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Oceanside Meadows Institute for the Arts and Sciences’ home base is the restored 1820′s timber framed barn on the 200 acre preserve of Oceanside Meadows Inn in Prospect Harbor, Maine. The Institute was established by inn owners Ben and Sonja Walter-Sundaram with a goal of supporting the advancement of the arts and sciences by providing easier access for all, encouraging research, and promoting education.

The historic barn was restored in the spring of 1998, transformed into a wonderful space for concerts, lectures and seminars which are held throughout the summer season. Some of the previous summer highlights included a week seminar lecture series with Dr. Alan Hale (co-discoverer of comet Hale-Bopp) and astronomer Gary Becker; a lecture from Dr. David Wingate an ornithologist of world renown and a magnificent evening of music with Opera Maine.

The Astronomy seminar series attracted class members from as far away as the United Kingdom, with studies covering the Earth, the Moon, and the solar system, then expanded to the limits of our Milky Way Galaxy.

Astronomy Under Schoodic Skies was designed for active participation and students had the opportunity of operating a telescope in the inn’s gardens and also accessed telescopes using the internet. There were thought games and experiments, all were challenged to probe, investigate, manipulate, question the universe in which we live. Presentations were held in the mornings with afternoons and early evenings left free to explore our wonderful Schoodic Peninsula.

Dr. Alan Hale gave an evening lecture to which all the local community were invited, filling the restored barn to capacity for what was the first public lecture held under it’s magnificent timbered roof since it was built over 175 years ago. It was a thrilling moment for Ben and Sonja Walter-Sundaram, to see their dreams of creating an arts and science center become a reality; a great beginning for a season of events that brought capacity crowds. Seeing and hearing Dr. Hales description of the Hubbell telescope’s “Deep Field” image of galaxies billions of light years away brought home the wonder of the universe and the importance of preservation of our planet. Good planets are indeed hard to find!

An important part of the mission of the Arts and Science center is to provide access to such events as the Astronomy seminar week, to some students that may not have the means to meet the course fees. To this end we have developed an internship program whereby members of our local community can help us with projects such as developing interpretative trails on our 200 acre preserve and other programs that help build the future of the Arts and Science center. In our first year we were glad to be joined by two interns, one a brilliant young astronomer who attends one of our local grammar schools and another local resident of our community. If you are interested in the internship programs please contact us for more information.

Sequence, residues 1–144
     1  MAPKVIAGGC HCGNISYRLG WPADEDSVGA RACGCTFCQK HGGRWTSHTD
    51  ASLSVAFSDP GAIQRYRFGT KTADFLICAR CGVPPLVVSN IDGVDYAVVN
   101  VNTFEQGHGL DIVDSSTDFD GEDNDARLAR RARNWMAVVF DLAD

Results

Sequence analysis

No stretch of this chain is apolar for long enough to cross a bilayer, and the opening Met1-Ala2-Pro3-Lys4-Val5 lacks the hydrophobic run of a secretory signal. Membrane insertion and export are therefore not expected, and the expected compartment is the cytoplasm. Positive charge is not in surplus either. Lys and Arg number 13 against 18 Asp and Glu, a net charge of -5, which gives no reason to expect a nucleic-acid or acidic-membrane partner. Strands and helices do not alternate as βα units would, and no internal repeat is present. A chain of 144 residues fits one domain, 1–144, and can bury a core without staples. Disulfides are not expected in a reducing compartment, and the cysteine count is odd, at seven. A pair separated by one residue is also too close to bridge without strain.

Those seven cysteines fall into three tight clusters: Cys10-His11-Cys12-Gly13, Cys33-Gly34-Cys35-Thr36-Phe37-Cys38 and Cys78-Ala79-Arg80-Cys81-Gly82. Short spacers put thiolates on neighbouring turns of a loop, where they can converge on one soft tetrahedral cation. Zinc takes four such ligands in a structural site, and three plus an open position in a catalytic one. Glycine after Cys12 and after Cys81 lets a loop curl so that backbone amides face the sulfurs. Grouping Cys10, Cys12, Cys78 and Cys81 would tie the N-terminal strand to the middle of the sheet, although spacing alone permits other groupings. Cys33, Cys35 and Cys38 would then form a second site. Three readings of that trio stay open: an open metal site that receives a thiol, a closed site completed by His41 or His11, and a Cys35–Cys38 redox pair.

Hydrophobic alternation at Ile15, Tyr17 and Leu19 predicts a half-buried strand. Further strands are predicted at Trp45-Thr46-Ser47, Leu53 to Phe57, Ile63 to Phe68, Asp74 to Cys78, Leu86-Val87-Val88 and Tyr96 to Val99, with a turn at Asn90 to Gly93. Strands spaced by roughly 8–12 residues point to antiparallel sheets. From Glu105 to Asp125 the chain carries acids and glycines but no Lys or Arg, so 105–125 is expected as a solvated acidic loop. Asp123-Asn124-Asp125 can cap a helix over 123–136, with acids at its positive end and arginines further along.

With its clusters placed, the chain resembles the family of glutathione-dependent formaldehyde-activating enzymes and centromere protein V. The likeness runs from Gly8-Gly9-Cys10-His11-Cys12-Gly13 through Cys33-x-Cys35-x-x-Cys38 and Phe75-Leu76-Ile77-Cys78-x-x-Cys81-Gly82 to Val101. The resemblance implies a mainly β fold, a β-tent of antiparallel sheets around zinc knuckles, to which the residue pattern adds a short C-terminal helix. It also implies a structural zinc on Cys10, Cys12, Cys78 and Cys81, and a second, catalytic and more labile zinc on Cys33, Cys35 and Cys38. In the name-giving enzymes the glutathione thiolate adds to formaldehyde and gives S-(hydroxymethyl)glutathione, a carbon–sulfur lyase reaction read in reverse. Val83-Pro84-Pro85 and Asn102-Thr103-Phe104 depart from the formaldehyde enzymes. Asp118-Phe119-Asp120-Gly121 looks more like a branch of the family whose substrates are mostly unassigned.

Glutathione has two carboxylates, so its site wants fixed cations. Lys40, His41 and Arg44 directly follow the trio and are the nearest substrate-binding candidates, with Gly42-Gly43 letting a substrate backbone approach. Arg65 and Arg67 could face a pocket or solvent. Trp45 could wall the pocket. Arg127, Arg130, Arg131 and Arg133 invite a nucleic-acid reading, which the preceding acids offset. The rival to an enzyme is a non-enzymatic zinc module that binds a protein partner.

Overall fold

Many free science lectures are also held at the institute, largely focusing on the environment and its preservation. Dr. David Wingate’s lecture in the fall of 1998 presented the extraordinary story of the restoration of Non Such Island in Bermuda into an island museum devoid of introduced species. Dr. Wingate’s work has resulted in the successful re-creation of the natural habitat found across Bermuda before man’s arrival. The restoration of Non Such Island has seen the successful re-introduction of the Yellow Crowned Night Heron, believed to be a close relative of a Heron species once found in Bermuda but long extinct. The Bermuda Storm Petrel or Cahow, once thought to be extinct now colonizes islands near to Non-Such; housed in ground nests designed and built by Dr. Wingate, a remarkable story of conservation in action.

Opera Maine brought a magnificent evening of Opera to the Institute at the height of the summer in 1998, and a capacity crowd. The evening started with a reception with fine Bartlett Wines, which were generously donated and served by Kathy Bartlett of the local award winning winery. Hors-d’oeuvre’s were prepared by Sonja Sundaram and donated by Oceanside Meadows Inn.

Opera Maine’s superb performance included Lee Hoiby’s “Bon Appetit” and Menotti’s “The Telephone”. Opera Maine in conjunction with the Institute donated an additional afternoon performance of “The Telephone” specifically for children in the area which was a great success. The children’s concert brought Opera to both the ears of many local children and to the hall for the first time.

1999 brought a full season of events including several science lectures that included Hope Douglas a Wildlife Rehabilitator who was joined by a Great Horned Owl a Red Tailed Hawk and other birds that she had rescued. Hope Douglas spoke to children from both the Winter Harbor and Gouldboro Grammar Schools at the Innstitute about her work’s 67% success rate in returning injured birds to their natural habitat. Glen Mittlehauser spoke on Harlequin Ducks on the Maine Coast which he is studying as part of his masters program at College of the Atlantic, giving us great insight into local island life of these fascinating birds. 

Throughout the summer 1999 we were blessed again with a series of concerts from Opera Maine that brought six wonderful concerts, together with tremendous performances from the a-cappella group Impromptu! and pianist Paul Sullivan who played to the sound of the surf crashing our our beach just a few yard away from the hall. Myriads of magical evenings have now passed many of which are recorded in our archive of events which can be seen here.